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Discussion Starter · #1 ·
One of my does sire, grandsire, and great grandsire have been polled. My doe herself is not polled but I'm wondering if she can still throw a polled kid because of her families past.. The buck I'm using isn't polled so I'm sure that decreases the odds but still?

Also is it only if you breed a polled to a polled that you can possibly end up with a hermie? There's no other sort of polled mix breeding that would bring that out? Kinda just curious. :p
 

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No, the polled gene is dominant. In order for her to throw polled kids she'd have to be polled herself or be bred to a homozygous polled goat to insure polled kids. For instance, let's use "P" as polled and "p" as horned, the genetics would be as followed:
PpxPp would mean that both sire and dam are polled and could throw 50% polled kids and 50% horned. Now, if you have a breeding of Ppxpp you would have a 25% chance of polled kids and a 75% chance of horned kids. You can also have a homozygous goat which would be represented as PP and all of their offspring would be polled no matter what they were bred to. There is no way to tell if a goat is homozygous for the polled gene just by looking at it, though. Hope that helps!
 

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And there is no proof that polled to polled throws hermies more often. They occur just as often from horned breedings.
 

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Discussion Starter · #4 ·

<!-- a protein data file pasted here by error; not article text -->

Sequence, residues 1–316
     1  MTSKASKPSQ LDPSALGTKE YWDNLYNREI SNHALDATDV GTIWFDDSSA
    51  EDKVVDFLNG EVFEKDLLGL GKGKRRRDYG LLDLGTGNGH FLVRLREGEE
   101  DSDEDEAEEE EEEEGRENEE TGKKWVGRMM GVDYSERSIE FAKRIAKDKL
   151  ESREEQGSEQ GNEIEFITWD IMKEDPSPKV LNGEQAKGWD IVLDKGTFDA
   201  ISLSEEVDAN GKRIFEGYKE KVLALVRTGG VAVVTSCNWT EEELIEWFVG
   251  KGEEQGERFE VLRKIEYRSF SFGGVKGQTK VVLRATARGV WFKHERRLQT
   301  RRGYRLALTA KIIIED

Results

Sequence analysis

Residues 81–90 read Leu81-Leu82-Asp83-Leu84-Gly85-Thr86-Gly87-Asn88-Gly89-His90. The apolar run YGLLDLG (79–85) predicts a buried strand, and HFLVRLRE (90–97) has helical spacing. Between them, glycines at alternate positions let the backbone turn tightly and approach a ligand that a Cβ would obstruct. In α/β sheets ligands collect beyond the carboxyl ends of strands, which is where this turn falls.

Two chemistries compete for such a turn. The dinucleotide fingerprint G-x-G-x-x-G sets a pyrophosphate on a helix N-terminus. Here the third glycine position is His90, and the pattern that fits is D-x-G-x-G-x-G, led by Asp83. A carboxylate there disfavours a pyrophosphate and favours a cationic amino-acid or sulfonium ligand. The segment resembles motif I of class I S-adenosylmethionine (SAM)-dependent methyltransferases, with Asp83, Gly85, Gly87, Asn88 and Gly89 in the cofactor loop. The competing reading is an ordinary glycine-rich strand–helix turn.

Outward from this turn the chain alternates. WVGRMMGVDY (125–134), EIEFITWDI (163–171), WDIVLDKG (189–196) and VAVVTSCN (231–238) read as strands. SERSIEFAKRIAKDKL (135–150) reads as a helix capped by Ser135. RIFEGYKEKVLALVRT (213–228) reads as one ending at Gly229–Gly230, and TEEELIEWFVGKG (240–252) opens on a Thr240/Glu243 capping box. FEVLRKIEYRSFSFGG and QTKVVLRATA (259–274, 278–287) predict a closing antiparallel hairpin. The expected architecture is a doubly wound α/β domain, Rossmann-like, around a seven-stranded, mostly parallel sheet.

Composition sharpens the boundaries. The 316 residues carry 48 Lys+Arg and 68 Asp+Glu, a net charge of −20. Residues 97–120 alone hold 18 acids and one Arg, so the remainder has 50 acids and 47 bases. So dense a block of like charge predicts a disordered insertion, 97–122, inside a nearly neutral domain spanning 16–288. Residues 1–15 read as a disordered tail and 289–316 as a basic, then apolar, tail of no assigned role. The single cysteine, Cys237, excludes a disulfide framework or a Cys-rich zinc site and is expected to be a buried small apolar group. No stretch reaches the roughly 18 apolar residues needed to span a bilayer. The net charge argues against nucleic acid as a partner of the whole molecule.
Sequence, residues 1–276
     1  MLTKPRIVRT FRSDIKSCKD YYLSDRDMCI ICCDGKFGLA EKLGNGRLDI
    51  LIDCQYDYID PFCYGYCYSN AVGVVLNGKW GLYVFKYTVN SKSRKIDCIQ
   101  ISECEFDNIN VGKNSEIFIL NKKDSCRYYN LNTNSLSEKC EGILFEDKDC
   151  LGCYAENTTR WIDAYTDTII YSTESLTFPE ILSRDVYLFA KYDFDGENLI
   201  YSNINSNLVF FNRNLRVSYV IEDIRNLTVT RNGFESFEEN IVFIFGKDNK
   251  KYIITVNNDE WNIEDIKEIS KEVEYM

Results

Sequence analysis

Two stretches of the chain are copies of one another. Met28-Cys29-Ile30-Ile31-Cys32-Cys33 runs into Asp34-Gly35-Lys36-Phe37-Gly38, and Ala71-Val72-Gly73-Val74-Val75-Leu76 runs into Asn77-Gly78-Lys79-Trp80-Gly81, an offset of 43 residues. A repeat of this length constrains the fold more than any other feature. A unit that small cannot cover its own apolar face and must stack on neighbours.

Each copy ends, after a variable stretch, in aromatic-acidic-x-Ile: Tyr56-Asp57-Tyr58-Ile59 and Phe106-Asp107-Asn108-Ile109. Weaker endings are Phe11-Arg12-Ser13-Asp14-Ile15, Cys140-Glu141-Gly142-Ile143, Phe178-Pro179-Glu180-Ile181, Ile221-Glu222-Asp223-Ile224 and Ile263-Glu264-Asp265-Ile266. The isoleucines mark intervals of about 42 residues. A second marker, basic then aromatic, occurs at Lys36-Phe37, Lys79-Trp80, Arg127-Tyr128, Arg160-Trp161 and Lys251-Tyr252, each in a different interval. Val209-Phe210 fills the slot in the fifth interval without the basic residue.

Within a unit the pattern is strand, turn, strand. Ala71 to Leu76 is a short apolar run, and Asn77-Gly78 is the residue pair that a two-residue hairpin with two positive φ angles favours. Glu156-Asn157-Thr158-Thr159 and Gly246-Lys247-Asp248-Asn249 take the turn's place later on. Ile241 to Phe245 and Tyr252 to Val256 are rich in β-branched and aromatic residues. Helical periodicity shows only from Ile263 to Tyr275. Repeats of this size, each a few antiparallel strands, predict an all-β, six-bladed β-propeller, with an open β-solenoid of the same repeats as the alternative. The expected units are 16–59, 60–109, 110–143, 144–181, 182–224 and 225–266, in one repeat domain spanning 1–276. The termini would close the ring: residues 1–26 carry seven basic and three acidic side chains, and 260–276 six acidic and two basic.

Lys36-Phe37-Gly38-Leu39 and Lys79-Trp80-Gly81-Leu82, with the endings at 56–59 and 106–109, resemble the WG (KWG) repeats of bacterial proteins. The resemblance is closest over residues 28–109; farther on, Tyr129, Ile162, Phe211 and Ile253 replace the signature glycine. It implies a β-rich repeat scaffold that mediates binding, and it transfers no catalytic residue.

Huh very interesting and cleared things up for me! Thanks, I had been wondering about polled genes and how they work. I know they're a little different than blue eyes.
 

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I had a hermie born to 2 horned animals who were in no way related. (2 completely different breeds with entirely different backrounds).
 

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I have one polled doe who's dam is polled and sire horned, when bred with a horned buck she never produced polled kids. She was bred with my polled buck whos sire was polled and dam horned and together they produced polled triplets.
The same polled buck was bred with a horned doe and produced quads...2 polled and 2 horned kids.
The trait has to be "seen" or dominant in order to be passed onto kids....same concept as blue eyes, if one parent has blue eyes, kids can also have blue eyes... not a possibility if it's not seen :)
 

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Discussion Starter · #7 ·
I have one polled doe who's dam is polled and sire horned, when bred with a horned buck she never produced polled kids. She was bred with my polled buck whos sire was polled and dam horned and together they produced polled triplets.
The same polled buck was bred with a horned doe and produced quads...2 polled and 2 horned kids.
The trait has to be "seen" or dominant in order to be passed onto kids....same concept as blue eyes, if one parent has blue eyes, kids can also have blue eyes... not a possibility if it's not seen :)
That does make a lot of sense. Thanks for the example :)
 

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Ditto information above. Polled can't skip a generation, although I have seen plenty of false advertisements to the contrary. There is a Yahoo group about polled genetics that I belong to. Some good info on there, as well as records of intersexes being born to polled-polled breeding. I have read their data and I believe that the truth is that intersex does happen a little more often with polled-polled but not such a high incidence as to discourage any and all polled-polled breeding. Another possible outcome is homozygous for polled meaning that polled animal can only have polled babies (I would love one of those!)
 
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